New research reveals “Like” button is one of most “toxic” elements for social media users. Participants stand to gain over 100 hours of their lives back by going Cold Turkey this Scroll Free September, in the second annual social media awareness month hosted by RSPH.

From the 1 September 2019, the public will be encouraged to take a break from personal social media accounts in a bid to build a balanced, positive and meaningful relationship with platforms.

To coincide with this weekend’s launch of Scroll Free September, RSPH has commissioned new research which reveals what the public believe are the most toxic and meaningful elements of social media. 

The most “toxic” elements of social media, as ranked by the public, included (from most to least):

  1. Triggering content (content that reminds you of a negative experience)
  2. The ‘like’ button
  3. Push notifications
  4. Fear of Missing Out (FOMO)
  5. Pressure from celebrities and influencers

The most “meaningful” elements of social media, as ranked by the public, were (from most to least):

  1. Memes
  2. Holding organisations and public figures to account
  3. Access to health information (including mental health advice)
  4. Accesses to resources for study and learning
  5. Understanding more about other cultures and societies

There were a number of differences across age and gender as to which elements were the most toxic:

  • Almost one quarter (24%) of 18-24s see the most toxic element to be push notifications.
  • Men are three times as likely as women to find FoMO (Fear of Missing Out) the most toxic part of social media (10% compared to 3%).
  • Bullying is the most toxic element of social media for almost one in three 16-17 year olds (31%).

The 2018 campaign met huge success, with a survey of participants finding:

  • Almost all (99%) would recommend taking part in Scroll Free September to a friend, with 96% agreeing taking part it improved their relationship with social media;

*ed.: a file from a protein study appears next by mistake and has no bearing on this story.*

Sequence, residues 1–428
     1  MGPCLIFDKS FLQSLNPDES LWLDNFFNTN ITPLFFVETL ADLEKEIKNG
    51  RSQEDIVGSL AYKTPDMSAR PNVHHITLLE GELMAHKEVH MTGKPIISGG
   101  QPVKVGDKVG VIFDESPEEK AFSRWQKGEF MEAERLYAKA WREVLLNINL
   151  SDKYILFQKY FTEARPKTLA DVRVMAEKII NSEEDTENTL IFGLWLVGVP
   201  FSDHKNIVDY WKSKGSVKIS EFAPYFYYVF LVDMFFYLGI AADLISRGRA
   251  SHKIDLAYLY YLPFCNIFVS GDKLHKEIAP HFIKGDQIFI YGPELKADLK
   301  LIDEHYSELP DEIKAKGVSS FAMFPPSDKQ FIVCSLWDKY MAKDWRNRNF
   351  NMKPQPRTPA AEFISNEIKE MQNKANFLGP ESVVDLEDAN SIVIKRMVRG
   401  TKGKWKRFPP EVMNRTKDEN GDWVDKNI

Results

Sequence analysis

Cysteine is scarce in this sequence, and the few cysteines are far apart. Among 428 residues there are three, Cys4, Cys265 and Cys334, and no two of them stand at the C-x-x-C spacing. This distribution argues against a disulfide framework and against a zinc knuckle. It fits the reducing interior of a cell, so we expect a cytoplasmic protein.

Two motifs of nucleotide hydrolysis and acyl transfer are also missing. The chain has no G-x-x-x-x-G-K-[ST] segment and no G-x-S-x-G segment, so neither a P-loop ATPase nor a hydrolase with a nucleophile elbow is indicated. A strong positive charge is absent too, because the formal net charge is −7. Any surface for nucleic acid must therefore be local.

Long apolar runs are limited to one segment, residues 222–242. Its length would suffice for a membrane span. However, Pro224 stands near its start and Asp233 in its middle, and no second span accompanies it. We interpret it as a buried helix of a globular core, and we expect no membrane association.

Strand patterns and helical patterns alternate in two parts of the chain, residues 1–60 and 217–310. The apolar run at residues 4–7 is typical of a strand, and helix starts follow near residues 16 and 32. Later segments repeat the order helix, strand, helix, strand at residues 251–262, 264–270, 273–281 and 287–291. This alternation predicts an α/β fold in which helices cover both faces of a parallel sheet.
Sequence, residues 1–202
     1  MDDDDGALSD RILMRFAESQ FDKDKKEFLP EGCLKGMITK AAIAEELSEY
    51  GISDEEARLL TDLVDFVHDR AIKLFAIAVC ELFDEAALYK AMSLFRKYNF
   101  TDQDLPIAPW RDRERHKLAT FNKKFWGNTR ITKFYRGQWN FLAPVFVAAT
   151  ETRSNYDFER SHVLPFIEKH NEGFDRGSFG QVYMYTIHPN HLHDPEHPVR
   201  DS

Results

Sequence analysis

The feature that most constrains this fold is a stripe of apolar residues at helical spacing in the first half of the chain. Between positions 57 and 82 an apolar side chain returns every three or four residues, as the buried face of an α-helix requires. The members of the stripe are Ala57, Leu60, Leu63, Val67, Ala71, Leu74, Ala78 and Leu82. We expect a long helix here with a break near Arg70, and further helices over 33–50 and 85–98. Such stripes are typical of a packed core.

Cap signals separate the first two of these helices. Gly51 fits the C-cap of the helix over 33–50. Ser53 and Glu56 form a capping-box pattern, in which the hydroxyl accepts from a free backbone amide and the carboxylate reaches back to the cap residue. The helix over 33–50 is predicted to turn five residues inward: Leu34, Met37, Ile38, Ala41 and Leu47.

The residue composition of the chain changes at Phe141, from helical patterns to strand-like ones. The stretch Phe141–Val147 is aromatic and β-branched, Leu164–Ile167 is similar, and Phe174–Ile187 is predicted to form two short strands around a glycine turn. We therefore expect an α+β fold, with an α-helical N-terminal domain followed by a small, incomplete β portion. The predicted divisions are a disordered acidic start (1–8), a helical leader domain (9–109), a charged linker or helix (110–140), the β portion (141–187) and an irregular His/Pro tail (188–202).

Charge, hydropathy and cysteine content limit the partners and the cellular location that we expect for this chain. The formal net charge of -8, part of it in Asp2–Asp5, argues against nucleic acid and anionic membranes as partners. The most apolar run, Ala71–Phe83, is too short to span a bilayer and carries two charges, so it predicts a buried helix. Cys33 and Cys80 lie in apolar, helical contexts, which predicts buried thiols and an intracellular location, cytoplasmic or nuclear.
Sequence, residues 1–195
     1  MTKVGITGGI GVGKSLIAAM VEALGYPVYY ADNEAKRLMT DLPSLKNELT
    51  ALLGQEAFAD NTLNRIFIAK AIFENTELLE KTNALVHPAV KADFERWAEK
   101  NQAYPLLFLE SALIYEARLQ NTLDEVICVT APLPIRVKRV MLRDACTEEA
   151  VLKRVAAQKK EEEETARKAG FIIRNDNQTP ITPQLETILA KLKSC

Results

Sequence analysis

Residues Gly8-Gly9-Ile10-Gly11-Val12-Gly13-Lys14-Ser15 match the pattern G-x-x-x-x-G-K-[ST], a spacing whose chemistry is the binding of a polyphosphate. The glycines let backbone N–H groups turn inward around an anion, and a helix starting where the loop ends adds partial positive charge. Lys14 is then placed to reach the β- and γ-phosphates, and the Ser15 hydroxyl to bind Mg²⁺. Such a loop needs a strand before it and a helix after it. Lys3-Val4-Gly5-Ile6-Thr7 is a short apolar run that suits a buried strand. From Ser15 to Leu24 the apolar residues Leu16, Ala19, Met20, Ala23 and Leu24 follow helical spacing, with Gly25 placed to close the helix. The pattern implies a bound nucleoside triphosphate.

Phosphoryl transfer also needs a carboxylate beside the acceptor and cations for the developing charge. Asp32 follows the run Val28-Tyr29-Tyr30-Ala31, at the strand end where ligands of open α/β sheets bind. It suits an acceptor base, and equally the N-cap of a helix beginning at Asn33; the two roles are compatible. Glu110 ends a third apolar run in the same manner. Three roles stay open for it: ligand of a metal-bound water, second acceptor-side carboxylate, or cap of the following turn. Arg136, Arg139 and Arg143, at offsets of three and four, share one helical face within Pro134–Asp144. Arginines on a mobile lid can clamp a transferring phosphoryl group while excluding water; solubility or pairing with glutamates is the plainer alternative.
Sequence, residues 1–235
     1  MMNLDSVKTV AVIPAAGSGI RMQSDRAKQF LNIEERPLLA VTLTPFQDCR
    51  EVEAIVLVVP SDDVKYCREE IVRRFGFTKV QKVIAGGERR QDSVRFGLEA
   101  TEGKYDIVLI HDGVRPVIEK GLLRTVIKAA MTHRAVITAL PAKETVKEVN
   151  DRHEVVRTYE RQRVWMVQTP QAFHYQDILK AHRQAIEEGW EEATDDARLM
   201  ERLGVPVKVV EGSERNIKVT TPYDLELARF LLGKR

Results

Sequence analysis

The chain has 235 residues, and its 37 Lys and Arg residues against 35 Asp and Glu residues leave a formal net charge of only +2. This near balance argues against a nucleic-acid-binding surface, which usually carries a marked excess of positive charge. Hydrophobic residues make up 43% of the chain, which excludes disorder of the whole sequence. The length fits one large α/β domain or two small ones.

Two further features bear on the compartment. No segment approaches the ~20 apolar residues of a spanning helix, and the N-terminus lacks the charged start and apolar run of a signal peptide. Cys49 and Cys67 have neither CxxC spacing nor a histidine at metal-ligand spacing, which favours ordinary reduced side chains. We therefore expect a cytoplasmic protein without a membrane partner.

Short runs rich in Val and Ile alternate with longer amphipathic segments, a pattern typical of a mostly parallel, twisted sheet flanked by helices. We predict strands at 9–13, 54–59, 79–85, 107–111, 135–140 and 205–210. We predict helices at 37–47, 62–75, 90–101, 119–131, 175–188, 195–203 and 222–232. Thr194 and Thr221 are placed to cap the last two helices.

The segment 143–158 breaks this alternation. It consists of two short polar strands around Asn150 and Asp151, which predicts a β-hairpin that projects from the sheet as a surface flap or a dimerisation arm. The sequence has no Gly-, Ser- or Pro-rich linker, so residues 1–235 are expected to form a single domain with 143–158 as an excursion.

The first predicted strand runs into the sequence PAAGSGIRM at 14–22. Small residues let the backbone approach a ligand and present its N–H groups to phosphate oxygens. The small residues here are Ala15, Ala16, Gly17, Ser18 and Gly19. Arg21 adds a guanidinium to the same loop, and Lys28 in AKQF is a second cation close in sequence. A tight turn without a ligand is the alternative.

• Over three quarters (77%) said participating improved their mental health and almost two thirds (63%) said it improved their awareness of the world around them; and,
  • Over half (58%) said taking part improved their quality of sleep.

This year’s campaign, Supported by Silentnight, BeGambleAware’s Bet Regret campaign and leading audiobook provider, Audible, follows the publication of the RPSH and APPG on Social Media’s report, #NewFilters. Based on the group’s parliamentary inquiry, the report found that although social media can have a range of positive effects: providing a platform for self-expression, enhancing social connections, and supporting learning, evidence suggested social media may be best used in moderation, with the report also revealing:

  • Children who spend more than three hours a day using social media are twice as likely to display symptoms of mental ill health, and;
  • Pressure to conform to beauty standards perpetuated and praised online can encourage harmful behaviours to achieve “results”, including disordered eating and body shame.

Scroll Free September provides an opportunity for users to take a break from social media and online gambling platforms, to build a meaningful, more balanced relationship which lasts into the future – a relationship where use is conscious and mindful, and where the user is the one in control.